These students can’t number bond within 100, some can’t do it within 10. They are highly inaccurate in terms of any written algorithm. This is in the context of high performing catchment, about 50% of our cohort gain National 5 in s4(much higher than the national average).

I have worked with a similar group for the last 3 years and have made steady improvements, using physical resources, lots of spacing, interweaving and re-teaching on areas of weakness. It was in this vein I wanted to trial new methods for the algorithmic version of the four operations linking with mental agility and manipulatives.

The National progression framework highlights the importance of strong foundations of place value and mental addition before progressing to algorithmic methods( I agree). I disagree with the frameworks late addition of negative numbers. Students should meet this as soon they begin subtraction i.e 5+-3 should come before   5-3, others share this belive such as director of La Salle Education     Mark McCourt. I spent a significant amount of time teaching addition and subtraction of negatives before the new algorithms.

There has been very little research into which methods promote best understanding and fluency. The Lindy effect would suggest a type of cumulative professional evidence for the current methods.

Jo Morgon published a very timely book “a compendium of mathematical methods“, this gave me a much greater understanding of current and alternate techniques for teaching the four operations but Jo draws no conclusions as to which methods are superior.

Most of the students have made positive progress this year and greater progress than their peers from the in house models. This shows the new methods have at least not had a negative effect on learning but I do worry about transitions to other classes if this was not a consistent departmental method.

 

 

What I did

My enquiry was to improve the learning of the four main operations for the learners furthest behind their piers from Primary school. These learners are given an extra 2 periods in S1 maths, they are all level 1 in terms of Cfe and have a variety of ASN.                                 These pupils are in danger of not gaining basic numerical skills to cope with everyday situations.

This was to be achieved by teaching new methods of addition subtraction, multiplication and division.

The purpose of these methods was to link in with the manipulatives I use to teach and with mental methods.

I was looking to measure this impact by seeing improvements in pre and post-test, a greater rate of progress with the intervention group and an improvement in student confidence through a pupil survey.

I did not manage to complete the second pupil survey due to the covid-19 impact but will monitor this next year.

I would have also liked to share more of my experience with colleagues in the department and will aim to do this when I am back live in the flesh.

 

 

Update 3

One of the measurements of my intervention was a closing of the gap between the intervention group and the rest of the year. As a school, we have created a model to monitor this gap.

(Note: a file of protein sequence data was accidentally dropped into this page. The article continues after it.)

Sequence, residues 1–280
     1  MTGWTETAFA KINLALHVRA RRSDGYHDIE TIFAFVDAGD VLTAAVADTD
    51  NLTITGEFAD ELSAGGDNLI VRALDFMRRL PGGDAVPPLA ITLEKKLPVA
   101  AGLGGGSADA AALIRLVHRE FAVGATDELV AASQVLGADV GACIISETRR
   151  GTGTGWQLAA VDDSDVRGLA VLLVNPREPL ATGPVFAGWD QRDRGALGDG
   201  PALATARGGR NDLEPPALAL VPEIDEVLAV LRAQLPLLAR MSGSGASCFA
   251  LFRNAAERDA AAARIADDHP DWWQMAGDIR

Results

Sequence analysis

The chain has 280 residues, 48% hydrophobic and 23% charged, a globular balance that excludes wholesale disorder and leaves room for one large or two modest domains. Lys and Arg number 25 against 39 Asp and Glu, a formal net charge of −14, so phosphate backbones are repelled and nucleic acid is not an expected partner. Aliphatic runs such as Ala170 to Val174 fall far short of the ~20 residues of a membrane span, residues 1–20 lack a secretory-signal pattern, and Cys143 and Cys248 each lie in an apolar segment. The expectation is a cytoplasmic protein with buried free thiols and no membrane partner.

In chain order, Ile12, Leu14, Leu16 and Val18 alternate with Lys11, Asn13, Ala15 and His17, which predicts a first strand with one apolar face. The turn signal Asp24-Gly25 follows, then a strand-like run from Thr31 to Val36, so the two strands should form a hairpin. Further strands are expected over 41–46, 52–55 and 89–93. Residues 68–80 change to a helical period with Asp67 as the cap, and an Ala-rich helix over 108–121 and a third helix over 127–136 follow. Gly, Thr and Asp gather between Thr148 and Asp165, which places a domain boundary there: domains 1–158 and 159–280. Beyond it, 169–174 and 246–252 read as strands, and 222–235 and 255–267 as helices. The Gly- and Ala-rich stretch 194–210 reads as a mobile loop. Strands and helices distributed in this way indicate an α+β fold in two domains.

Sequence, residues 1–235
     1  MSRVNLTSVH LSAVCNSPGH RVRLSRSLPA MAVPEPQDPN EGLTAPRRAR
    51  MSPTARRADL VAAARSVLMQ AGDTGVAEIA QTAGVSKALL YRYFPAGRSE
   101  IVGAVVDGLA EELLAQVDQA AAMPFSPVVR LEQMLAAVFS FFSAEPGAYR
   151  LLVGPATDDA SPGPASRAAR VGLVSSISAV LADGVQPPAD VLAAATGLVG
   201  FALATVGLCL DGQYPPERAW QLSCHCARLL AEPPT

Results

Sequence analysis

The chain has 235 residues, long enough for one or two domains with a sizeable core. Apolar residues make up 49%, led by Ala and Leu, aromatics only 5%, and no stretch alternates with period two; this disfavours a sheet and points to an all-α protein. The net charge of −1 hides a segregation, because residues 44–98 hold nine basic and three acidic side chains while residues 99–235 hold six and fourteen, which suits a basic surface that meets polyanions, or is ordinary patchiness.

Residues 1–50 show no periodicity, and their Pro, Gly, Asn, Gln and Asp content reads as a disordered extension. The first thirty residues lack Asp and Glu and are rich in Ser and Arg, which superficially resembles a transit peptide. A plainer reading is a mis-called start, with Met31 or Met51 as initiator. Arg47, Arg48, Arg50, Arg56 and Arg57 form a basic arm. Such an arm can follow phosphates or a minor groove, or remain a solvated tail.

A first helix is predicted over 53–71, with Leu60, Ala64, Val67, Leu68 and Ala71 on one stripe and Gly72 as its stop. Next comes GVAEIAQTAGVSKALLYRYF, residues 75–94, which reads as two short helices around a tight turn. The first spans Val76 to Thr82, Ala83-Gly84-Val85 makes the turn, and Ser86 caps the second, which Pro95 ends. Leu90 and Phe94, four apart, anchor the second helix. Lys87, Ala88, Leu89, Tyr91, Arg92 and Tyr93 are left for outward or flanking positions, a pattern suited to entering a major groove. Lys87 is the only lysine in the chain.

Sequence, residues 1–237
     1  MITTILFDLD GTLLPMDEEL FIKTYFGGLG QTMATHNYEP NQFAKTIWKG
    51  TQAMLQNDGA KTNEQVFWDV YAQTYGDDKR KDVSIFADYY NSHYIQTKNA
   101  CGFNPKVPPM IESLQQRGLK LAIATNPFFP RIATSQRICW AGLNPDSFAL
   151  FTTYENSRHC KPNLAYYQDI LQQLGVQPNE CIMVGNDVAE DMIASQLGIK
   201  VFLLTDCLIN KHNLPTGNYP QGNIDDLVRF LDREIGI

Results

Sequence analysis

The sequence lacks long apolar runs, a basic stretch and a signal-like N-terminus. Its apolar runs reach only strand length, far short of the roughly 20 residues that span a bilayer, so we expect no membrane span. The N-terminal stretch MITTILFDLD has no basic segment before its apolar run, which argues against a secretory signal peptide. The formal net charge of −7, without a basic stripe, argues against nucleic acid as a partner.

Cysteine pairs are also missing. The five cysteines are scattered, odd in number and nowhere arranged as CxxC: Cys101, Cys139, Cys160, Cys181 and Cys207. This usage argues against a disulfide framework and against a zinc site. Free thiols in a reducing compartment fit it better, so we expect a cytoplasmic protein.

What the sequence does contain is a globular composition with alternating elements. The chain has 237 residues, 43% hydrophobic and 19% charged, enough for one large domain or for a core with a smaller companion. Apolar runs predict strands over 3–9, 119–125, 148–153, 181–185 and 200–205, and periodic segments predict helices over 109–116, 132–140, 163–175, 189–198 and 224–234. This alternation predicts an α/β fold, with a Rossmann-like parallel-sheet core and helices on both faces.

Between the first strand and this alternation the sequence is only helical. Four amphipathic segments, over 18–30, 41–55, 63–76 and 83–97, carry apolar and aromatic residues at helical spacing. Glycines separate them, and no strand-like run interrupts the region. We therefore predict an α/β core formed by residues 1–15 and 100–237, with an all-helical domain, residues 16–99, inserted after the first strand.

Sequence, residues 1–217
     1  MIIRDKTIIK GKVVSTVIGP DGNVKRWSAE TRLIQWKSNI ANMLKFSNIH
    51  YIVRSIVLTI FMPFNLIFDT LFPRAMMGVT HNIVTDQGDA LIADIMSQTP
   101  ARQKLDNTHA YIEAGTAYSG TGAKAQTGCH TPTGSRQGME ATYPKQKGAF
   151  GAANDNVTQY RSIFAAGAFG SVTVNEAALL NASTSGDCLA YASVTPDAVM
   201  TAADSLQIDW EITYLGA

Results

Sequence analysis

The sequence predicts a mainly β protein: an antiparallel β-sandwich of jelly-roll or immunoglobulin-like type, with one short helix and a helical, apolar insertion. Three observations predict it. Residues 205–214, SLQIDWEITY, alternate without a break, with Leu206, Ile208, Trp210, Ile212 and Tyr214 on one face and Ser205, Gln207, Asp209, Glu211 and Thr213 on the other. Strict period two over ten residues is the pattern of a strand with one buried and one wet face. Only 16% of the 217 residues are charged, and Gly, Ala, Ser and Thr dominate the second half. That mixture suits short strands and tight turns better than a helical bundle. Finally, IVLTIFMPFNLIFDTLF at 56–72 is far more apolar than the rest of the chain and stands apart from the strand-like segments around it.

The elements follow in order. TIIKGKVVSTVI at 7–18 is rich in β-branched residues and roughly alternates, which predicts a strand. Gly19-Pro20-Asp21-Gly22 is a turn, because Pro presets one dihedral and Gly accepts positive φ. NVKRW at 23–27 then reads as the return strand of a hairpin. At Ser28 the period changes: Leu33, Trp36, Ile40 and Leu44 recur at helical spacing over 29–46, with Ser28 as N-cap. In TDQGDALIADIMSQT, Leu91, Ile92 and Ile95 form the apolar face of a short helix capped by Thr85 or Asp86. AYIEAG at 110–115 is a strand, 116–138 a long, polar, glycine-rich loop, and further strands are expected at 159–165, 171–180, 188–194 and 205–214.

I will briefly explain this model before sharing the results.

We plot a coordinate for each student x coordinate( score on the current test – mean score from year group) and y coordinate ( actual score – predicted score). The predicted score is calculated using linear regression from 1000’s of students who have previously undertaken the test in other year groups, This gives a plot like the one below.

The green dots are SIMD 8 to 10

The amber dots are SIMD 4-7

The red dots are SIMD  1-3

Each Quadrant can be interpreted  as follows

We can turn these progress scores into a box plot to see relative progress of different class ( must be interpreted  with caution )

The intervention class (my class) are in light blue at the top of the box plot. This indicates from this model they have made the most progress and closed the gaps on others.

This indicated improvement may be due to a variety of factors (most likely the extra time is given to this class) but it shows that the new arithmetical methods being trialled don’t appear to have a negative impact at this stage.

Update 2

Better later than never. 

Thankfully before the recent act of God, I had gathered some initial data.

For each of the new methods, I had been giving pre and post-test. Most of these tests are set at level 1/2 Cfe level. Each pre-test was given at the start of a topic and each post-test was given + 3 weeks from the end of the teaching period, this was to distinguish between learning and performance ( was this learning in their short term of long term memory). This has its disadvantages in terms of reteaching areas of weakness but since I operate a strand curriculum with this course I believed the this was correct balance.

Subtraction Test Pre-Test Cfe Level 1/2

 

Subtraction Post-Test Cfe Level 1/2

These initial results show some positive benefit of the new subtraction method taught but the students are still not at a level I would consider fluency. Some reteaching will be required.

I still have some doubts in terms of subtraction using this method and decimals. I will share some of further data and reflections on future blogs.

Update 1

(My Enquiry Focus – alternative methods four operations)

I recently read a new publication by Jo Morgan

” A Compendium of mathematical methods “.

https://www.amazon.co.uk/Compendium-Mathematical-Methods-handbook-teachers/dp/1912906600/ref=sr_1_1?keywords=jo+morgan&qid=1579703019&sr=8-1

I found this book enlightening. I especially like the scripts Jo put in for explaining these new concepts to students ( I will adopt these in my enquiry).

 

Jo confirmed that there hasn’t been much research done in this area

” For most topics in school mathematics, there has been little research into the ‘best’ methods.

— In more recent years, alternatives have emerged, and we are now left with a plethora of wonderful methods to choose from.” pg 9

 

Jo presents the methods without bias but believes it’s important for teachers to understand a variety of methods

” For if you take just one thing from this book, let it be this: we need to talk about methods.” pg 341.

My initial experiments with new methods have been going well in some areas, the new addition method has given a significant boost in post-test of addition, which is promising.

I do have some concerns with boundary examples of the new methods especially in their application to decimals

 

Subtraction

 

Multiplication

Both of the new methods require a much deeper understanding of place value.

 

In not sure if this is good or bad.

The group I’m targeting won’t focus on decimals as they are at level 1 Cfe but it worries me that this method doesn’t have as broad applicability.